West of Thimphu, and close to the Tibetan border, the town of Paro is nestled in the lush and arrestingly beautiful Paro valley, its orchards and terraced fields surrounded by forested mountains.

The Rinpung Dzong is widely regarded as one the best examples of Bhutanese Dzong architecture, the courtyard of which is open to the public.

The National Museum provides an invaluable and deep illustrative insight into the history of Buddhism, so intrinsically intertwined in every aspect Bhutanese life, and its displays feature many interesting artefacts associated with Bhutanese culture and history.

The upper valley is a wonderful place to explore, with many hiking options to take in the beautiful scenery and temples, such as Kyichu Lhakhang, one of Bhutan’s oldest.

One of the most famous valley walks, which can also be done on horseback, is the trek to the stunning Taktshang Goemba (‘Tiger’s Nest’) monastery, a beautiful structure impossibly clinging to a cliff face some 900 metres above the valley floor.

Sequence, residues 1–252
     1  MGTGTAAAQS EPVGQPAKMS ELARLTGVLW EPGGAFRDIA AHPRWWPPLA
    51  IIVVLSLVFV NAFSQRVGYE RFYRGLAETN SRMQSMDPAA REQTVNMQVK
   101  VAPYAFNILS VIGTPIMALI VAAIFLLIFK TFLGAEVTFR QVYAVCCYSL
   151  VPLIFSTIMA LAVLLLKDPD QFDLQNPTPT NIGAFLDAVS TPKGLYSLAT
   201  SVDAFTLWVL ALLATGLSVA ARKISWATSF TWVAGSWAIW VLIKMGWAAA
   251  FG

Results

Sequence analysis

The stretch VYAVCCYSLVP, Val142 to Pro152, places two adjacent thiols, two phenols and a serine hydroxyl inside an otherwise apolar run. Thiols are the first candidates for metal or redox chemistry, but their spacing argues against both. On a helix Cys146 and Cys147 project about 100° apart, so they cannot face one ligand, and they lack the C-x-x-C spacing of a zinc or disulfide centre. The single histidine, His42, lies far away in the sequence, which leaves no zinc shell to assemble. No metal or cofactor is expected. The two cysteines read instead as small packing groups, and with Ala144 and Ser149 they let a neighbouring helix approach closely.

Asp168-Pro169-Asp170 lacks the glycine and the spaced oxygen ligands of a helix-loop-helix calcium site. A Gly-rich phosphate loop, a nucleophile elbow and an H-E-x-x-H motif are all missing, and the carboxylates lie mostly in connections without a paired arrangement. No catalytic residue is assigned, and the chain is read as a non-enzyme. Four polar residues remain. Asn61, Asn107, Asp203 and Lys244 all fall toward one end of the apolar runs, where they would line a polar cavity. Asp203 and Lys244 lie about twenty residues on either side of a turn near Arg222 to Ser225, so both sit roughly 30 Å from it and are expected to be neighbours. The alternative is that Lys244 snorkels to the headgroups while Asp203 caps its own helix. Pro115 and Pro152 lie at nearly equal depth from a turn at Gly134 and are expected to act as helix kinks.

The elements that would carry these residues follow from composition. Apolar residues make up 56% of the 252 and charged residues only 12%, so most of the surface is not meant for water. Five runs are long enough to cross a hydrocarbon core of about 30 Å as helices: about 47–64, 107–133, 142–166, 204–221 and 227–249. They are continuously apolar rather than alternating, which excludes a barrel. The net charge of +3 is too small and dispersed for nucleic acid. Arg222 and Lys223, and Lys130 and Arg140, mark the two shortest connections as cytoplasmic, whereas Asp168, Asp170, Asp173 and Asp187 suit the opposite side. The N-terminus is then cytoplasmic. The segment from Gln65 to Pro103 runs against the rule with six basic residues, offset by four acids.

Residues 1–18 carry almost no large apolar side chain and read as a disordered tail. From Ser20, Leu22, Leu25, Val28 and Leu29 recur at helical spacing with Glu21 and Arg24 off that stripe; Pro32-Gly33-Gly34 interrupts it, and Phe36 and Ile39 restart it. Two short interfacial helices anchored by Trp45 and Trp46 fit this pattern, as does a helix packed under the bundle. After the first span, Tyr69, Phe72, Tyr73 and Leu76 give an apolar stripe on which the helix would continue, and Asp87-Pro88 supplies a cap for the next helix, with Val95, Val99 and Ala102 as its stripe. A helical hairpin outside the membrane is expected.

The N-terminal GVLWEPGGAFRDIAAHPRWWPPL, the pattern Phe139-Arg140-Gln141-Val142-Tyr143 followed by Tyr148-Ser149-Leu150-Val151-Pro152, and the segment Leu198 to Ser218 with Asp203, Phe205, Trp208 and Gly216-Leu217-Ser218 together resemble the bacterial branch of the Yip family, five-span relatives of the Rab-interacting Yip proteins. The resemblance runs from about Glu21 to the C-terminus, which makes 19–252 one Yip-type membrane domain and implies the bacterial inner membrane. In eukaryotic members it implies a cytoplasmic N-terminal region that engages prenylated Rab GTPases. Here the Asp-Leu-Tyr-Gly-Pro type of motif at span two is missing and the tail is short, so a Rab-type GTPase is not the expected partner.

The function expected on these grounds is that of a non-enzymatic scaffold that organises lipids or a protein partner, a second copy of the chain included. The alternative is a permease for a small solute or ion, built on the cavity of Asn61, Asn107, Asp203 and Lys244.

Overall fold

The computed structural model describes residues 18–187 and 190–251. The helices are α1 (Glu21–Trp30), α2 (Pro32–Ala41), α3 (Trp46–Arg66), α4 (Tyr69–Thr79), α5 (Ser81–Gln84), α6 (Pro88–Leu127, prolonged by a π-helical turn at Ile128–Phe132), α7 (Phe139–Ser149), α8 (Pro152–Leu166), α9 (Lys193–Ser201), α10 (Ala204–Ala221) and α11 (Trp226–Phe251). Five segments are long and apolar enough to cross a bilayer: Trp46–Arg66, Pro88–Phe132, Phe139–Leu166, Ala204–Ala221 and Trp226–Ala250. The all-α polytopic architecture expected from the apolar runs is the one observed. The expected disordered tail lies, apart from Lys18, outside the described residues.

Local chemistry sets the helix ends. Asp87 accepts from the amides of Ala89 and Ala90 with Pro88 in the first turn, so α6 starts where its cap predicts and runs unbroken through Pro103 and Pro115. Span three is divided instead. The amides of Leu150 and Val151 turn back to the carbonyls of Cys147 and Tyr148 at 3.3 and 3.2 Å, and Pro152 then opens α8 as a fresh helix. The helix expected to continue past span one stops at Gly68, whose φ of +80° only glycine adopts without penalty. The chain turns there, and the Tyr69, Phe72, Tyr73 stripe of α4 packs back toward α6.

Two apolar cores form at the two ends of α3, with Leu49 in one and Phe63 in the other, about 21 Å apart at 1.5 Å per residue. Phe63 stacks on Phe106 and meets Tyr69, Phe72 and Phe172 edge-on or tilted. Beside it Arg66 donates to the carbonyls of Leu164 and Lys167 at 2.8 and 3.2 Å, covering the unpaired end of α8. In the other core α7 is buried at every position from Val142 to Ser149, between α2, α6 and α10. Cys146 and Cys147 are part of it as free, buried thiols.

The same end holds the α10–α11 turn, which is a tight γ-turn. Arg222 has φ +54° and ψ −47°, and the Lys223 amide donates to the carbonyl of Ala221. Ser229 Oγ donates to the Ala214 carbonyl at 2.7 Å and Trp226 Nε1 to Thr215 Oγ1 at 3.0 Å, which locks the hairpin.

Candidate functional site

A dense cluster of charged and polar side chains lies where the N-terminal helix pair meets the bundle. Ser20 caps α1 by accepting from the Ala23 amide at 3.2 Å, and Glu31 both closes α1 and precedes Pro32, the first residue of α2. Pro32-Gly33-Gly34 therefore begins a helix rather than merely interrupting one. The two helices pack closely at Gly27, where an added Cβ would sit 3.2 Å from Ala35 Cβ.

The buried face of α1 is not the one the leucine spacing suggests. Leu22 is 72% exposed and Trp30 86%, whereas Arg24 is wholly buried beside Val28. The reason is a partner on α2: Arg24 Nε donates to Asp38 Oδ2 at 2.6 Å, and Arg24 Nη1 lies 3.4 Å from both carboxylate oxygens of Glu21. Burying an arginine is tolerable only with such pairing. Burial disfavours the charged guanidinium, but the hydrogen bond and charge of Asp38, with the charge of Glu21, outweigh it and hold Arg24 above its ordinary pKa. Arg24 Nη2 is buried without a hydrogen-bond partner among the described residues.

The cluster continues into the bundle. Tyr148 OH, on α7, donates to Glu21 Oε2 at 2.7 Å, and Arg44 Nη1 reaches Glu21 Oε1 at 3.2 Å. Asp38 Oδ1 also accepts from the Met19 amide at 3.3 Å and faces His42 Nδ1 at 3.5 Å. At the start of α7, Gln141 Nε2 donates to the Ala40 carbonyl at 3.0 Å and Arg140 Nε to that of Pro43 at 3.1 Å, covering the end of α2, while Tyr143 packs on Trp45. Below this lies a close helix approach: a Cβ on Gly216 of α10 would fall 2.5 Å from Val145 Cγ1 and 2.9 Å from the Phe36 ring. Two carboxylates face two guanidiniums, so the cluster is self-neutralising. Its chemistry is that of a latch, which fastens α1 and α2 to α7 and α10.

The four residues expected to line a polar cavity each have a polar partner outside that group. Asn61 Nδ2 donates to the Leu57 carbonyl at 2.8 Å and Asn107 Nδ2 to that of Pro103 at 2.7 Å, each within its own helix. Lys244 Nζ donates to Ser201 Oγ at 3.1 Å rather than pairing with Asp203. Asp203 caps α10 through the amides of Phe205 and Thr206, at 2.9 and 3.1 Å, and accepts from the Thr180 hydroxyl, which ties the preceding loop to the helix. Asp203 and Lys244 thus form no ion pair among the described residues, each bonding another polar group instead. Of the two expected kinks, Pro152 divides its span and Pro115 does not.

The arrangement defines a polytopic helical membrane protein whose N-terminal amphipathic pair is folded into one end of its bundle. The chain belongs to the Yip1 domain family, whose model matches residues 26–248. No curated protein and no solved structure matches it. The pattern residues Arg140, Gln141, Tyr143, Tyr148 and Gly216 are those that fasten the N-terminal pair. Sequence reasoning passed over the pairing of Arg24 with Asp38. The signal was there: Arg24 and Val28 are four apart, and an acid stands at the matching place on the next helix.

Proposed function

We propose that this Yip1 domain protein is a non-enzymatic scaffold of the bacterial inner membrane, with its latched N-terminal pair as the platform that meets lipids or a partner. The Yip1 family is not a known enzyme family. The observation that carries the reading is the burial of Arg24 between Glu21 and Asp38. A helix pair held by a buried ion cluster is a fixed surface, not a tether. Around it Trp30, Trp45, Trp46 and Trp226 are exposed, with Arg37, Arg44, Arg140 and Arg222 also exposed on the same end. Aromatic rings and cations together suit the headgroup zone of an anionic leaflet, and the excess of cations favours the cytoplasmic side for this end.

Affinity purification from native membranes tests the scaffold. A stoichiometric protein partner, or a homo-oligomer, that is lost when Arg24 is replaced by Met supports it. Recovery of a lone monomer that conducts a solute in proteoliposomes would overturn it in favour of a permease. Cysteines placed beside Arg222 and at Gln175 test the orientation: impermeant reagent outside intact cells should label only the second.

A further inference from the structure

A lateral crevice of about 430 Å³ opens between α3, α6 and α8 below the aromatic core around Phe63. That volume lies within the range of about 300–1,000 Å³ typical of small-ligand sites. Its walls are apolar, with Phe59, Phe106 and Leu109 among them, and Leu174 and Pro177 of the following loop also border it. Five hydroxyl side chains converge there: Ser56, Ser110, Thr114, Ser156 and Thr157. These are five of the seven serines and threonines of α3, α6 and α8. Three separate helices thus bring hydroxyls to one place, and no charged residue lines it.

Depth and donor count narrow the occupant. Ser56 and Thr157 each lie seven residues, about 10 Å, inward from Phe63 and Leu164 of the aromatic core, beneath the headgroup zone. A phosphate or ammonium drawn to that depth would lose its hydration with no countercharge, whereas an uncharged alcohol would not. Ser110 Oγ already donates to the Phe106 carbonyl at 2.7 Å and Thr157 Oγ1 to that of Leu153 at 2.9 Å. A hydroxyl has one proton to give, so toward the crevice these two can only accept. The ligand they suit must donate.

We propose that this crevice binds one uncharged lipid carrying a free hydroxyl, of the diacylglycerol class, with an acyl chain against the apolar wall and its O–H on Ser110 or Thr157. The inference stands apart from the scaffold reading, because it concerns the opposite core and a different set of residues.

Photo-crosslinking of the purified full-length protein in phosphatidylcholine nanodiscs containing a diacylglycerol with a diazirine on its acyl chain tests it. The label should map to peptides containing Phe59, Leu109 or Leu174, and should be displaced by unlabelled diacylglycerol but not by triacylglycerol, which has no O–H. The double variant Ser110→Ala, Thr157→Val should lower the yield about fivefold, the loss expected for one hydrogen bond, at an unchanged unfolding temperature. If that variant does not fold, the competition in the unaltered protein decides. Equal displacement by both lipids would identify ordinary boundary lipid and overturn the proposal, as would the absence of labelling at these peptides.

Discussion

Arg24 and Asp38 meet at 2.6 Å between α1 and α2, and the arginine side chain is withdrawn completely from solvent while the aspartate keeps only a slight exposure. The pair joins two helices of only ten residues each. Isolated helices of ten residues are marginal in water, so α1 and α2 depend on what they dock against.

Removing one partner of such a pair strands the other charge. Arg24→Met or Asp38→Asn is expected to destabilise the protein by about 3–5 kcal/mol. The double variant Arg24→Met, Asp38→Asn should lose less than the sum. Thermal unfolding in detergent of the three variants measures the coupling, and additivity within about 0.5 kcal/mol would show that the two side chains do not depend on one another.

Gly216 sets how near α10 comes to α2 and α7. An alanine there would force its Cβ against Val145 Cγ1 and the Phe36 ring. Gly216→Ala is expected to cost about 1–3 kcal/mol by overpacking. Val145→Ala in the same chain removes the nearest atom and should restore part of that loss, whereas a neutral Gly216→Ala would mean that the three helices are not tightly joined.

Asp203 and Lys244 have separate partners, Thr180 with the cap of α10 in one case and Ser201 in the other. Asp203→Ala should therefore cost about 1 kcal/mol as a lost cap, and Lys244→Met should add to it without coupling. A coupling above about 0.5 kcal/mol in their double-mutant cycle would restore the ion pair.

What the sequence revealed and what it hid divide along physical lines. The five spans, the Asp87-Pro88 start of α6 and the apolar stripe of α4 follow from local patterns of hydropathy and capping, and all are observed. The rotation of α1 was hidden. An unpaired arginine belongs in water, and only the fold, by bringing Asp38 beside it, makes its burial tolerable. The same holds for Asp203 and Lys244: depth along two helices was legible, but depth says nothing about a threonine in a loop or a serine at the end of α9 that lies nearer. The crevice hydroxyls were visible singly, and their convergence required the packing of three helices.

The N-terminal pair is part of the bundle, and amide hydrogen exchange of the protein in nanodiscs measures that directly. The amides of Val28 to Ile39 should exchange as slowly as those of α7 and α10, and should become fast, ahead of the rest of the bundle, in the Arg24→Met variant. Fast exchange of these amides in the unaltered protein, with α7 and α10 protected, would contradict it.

Drukgyel Dzong at the end of the valley road is now in ruins but provides an interesting viewpoint and is also the starting point for some of Bhutan's most iconic trails, such as the Jomolhari trek, the Laya-Gasa Trek and the incredible Snowman Trek, superb journeys into the high altitude passes of Jigme Dorji National Park and the impressive snowclad peaks close to the Tibetan border.
For those unaccustomed to the climactic and altitudinal challenges of the high Himalaya, the Druk Path Trek is a lower seven day scenic alternative from Paro to Thimpu.


To the east of Thimpu,  passing over Dochula Pass, and its superb Himalayan views, the former capital of Punakha sits in the valley of the same name and is renowned for its festival (February/March), which features a re-enactment of the battle of 1639 with the Tibetans in defence of their most sacred artefact, the Ranjung Karsapai, an image of a Buddist deity, Chenresig.

Historically, Punakha Dzong, dating from 1637, is the second oldest of these definitive Bhutanese architectural structures, and regarded by some as the finest.

Another historical site in the valley is the gardens of Dho Jhaga Lam Lhakhang and its split rock, the subject of a famous Bhutanese legend. Further up the valley, on a beautiful wooded hillside, Khamsum Yuelley Namgyai Chorten, finished in 1999, is a modern example of Bhutanese faithfulness to its cultural past.

The valley is also a good place for outdoor activities, with mountain biking trails and the Mo Chhu River offering excellent kayaking and rafting, whilst a popular day-hike is to the hot springs at Gasa. Another trek in the area is the four day Samtengang Winter Trek.